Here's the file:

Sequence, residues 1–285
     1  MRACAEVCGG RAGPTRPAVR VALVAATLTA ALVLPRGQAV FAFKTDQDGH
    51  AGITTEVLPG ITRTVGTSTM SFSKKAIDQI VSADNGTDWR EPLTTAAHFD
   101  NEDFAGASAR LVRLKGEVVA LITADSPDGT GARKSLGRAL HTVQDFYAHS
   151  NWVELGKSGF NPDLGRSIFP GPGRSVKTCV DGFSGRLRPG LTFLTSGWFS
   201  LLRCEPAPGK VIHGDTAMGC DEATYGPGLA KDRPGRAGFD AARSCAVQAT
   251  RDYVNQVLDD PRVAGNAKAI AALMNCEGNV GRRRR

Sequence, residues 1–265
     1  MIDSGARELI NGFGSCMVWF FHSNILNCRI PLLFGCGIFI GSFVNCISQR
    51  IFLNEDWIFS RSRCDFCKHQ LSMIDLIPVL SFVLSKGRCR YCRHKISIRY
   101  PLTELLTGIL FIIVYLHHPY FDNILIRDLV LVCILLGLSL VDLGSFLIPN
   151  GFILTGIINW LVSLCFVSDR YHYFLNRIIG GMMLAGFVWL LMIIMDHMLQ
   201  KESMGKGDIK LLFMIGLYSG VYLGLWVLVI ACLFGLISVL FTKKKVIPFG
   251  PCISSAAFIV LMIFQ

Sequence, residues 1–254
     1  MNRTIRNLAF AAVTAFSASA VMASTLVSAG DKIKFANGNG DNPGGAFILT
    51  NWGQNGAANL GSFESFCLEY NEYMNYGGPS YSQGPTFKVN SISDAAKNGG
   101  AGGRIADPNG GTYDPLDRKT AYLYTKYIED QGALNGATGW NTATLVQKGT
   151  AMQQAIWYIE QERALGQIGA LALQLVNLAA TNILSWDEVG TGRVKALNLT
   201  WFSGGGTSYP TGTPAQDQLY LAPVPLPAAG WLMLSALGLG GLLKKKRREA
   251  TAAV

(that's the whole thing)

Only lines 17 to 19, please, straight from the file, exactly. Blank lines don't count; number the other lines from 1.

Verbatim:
    51  NWGQNGAANL GSFESFCLEY NEYMNYGGPS YSQGPTFKVN SISDAAKNGG
   101  AGGRIADPNG GTYDPLDRKT AYLYTKYIED QGALNGATGW NTATLVQKGT
   151  AMQQAIWYIE QERALGQIGA LALQLVNLAA TNILSWDEVG TGRVKALNLT